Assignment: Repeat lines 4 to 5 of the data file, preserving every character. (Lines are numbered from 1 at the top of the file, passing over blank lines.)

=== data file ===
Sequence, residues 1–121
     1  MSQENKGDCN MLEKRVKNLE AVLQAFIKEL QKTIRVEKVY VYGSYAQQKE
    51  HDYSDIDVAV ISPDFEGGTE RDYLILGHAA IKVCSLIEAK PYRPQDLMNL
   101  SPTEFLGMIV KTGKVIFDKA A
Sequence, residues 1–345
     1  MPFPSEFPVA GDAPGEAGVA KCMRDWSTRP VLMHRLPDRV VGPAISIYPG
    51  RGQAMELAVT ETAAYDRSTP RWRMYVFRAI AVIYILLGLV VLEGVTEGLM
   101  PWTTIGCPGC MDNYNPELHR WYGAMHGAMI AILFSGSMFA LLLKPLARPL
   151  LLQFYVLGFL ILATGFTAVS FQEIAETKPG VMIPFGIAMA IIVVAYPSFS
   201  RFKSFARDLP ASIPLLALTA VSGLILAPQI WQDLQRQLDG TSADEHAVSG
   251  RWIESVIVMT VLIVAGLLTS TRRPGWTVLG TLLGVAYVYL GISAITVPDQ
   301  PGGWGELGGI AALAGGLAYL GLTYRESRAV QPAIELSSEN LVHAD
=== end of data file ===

   101  SPTEFLGMIV KTGKVIFDKA A
Sequence, residues 1–345